In the Russian North Caucasus history repeats itself again and again, always as tragedy. Russia's leaders seem incapable of grasping the subtle complexities of politics in Dagestan and Chechnya, despite over two centuries of contact with the region. Moscow's latest military actions promise to make a bad situation even worse. The most recent round of violent conflict in the North Caucasus broke out in August 1999 when Russian military forces responded to attacks from across the Chechen border into Dagestan. The invasion was led by the Chechen military leader Shamil Basaev and Habib Abdel Rahman Khatab, a Saudi Arabian citizen married to a Dagestani woman.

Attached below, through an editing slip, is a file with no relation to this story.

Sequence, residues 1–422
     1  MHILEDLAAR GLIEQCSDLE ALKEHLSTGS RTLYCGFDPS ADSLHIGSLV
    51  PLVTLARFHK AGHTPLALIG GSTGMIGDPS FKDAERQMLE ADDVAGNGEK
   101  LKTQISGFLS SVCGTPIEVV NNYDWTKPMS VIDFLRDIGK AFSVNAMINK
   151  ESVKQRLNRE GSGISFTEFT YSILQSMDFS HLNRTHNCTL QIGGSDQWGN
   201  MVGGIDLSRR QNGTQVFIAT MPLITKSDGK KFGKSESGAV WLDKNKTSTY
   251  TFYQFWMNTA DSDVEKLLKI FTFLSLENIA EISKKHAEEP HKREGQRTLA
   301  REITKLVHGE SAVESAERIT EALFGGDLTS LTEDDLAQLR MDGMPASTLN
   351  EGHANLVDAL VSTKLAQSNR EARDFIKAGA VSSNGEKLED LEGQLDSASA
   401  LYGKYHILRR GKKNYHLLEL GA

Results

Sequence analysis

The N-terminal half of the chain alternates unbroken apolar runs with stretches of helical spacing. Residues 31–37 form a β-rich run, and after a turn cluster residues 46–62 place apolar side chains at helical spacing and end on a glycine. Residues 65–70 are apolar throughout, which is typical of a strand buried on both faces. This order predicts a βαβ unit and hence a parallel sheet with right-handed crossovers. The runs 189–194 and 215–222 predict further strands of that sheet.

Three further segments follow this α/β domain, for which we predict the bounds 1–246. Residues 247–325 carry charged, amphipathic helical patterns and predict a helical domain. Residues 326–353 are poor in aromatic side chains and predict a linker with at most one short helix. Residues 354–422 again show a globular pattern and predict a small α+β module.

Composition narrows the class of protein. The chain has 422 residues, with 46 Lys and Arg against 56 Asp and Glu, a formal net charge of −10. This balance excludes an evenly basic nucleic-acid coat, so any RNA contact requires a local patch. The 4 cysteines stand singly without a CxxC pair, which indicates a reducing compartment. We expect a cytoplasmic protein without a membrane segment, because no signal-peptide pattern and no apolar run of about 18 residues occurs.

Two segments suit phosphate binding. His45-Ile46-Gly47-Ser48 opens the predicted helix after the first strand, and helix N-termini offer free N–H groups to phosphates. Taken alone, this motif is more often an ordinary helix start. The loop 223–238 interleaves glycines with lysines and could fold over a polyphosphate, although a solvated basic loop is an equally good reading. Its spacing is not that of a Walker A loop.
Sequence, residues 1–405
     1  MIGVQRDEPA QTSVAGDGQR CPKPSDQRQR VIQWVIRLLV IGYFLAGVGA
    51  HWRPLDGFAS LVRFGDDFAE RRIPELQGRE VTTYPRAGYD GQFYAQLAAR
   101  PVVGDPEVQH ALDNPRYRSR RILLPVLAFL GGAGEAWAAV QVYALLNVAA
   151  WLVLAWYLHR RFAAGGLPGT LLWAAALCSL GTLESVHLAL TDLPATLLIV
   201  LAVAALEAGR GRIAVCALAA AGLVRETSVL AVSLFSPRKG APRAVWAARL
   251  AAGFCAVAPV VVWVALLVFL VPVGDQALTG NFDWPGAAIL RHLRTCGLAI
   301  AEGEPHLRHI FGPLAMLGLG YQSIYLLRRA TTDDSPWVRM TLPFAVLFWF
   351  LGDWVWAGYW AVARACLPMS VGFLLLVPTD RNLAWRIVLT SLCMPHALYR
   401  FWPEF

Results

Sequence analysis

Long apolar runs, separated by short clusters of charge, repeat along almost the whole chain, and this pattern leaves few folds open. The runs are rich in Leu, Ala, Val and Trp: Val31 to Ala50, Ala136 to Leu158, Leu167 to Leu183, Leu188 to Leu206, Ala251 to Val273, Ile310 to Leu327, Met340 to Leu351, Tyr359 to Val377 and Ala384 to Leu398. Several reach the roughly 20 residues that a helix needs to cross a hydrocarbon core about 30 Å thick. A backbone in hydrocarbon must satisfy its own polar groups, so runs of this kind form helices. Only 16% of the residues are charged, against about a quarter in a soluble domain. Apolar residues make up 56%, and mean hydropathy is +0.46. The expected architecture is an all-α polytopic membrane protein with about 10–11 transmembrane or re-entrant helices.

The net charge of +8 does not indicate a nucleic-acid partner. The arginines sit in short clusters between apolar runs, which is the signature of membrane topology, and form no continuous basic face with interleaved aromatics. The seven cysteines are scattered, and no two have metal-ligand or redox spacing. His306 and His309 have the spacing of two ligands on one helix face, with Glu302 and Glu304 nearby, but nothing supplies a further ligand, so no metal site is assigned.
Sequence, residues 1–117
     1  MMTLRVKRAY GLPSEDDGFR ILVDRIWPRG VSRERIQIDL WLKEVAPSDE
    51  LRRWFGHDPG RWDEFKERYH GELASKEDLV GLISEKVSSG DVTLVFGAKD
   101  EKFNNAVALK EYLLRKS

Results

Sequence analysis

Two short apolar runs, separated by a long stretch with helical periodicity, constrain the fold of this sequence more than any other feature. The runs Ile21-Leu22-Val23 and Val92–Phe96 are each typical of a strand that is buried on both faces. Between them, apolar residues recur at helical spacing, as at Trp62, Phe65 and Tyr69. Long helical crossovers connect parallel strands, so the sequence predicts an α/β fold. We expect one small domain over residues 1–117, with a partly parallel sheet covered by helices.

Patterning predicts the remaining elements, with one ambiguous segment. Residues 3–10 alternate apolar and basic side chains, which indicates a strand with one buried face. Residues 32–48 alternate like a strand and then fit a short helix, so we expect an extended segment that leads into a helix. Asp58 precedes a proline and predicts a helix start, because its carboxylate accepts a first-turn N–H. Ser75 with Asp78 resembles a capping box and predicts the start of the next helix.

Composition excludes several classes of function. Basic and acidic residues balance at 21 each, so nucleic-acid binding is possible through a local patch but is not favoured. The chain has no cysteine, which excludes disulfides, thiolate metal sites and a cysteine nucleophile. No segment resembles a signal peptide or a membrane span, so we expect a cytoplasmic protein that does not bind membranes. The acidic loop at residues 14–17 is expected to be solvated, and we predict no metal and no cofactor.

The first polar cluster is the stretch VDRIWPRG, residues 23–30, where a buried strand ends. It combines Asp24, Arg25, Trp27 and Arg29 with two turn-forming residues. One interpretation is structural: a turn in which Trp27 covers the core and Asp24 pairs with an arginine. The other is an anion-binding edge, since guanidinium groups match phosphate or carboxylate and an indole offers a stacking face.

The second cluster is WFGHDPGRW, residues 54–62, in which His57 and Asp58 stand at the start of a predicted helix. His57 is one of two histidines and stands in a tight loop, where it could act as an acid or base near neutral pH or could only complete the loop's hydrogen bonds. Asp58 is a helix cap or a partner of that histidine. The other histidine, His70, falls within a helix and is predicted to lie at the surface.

This was not the only recent military action involving Chechens in Dagestan. In May 1997 a force of Dagestani fighters associated with the radical Islamic sect of "Wahhabites" took control of several villages, including the one where Khatab's wife was born. In December 1997 a group of Chechen guerrillas joined the Wahhabite force to attack a Russian armored brigade near Buinask. The residents of the villages "liberated" by the Wahhabites and Chechens declared their independence from Dagestan and established another "little Chechnya" within the Russian Federation. The August incursion looked like another step on the path to creating a united Chechen-Dagestani Muslim state, the explicit goal of Basaev and his allies. […]